Tobe Hooper, the horror-movie pioneer whose low-budget sensation The Texas Chain Saw Massacre shocked audiences with its brutally frightful vision, has died. He was 74.
The Los Angeles County coroner’s office said Hooper died on Saturday in the Sherman Oaks area of Los Angeles. It was reported as a natural death.
Along with contemporaries like George Romero and John Carpenter, Hooper crafted some of the scariest nightmares that ever haunted moviegoers. Hooper directed 1982’s Poltergeist from a script by Steven Spielberg, and helmed the well-regarded 1979 miniseries Salem’s Lot, from Stephen King’s novel.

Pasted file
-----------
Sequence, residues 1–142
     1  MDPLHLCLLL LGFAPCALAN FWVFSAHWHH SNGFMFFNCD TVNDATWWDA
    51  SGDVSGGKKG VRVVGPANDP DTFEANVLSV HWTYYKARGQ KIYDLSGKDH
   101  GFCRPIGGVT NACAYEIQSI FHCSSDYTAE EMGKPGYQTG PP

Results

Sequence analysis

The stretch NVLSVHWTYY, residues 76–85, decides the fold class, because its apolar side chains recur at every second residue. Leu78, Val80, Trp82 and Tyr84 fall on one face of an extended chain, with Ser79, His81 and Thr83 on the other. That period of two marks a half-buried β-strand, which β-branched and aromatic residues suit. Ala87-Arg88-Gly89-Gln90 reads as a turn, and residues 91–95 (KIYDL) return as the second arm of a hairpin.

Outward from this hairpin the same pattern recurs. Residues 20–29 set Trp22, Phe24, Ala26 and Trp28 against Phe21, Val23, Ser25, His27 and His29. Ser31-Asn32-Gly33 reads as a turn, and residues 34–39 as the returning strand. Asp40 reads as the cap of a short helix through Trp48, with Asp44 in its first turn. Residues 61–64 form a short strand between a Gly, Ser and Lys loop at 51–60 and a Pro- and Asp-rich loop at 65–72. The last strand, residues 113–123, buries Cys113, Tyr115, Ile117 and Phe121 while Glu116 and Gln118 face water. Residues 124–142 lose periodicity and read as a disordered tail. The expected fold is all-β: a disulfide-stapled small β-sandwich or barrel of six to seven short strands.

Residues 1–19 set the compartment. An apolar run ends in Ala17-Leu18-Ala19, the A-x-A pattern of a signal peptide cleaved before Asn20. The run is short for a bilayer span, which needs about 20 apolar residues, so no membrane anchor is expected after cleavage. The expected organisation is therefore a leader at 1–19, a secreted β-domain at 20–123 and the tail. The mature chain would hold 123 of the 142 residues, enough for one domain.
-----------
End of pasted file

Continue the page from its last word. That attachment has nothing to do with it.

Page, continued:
Hooper was a little-known filmmaker of documentaries and TV commercials when he made his most famous work: 1974’s The Texas Chain Saw Massacre. He made it for less than $300,000 in his native Texas, and yet it became one the most influential films in horror: a slasher film landmark.
Marketed as based on a true story, The Texas Chain Saw Massacre is about a group of friends who encounter a family of cannibals in Central Texas. The central villain, Leatherface (played by Gunnar Hansen) was loosely based on serial killer Ed Gein,…
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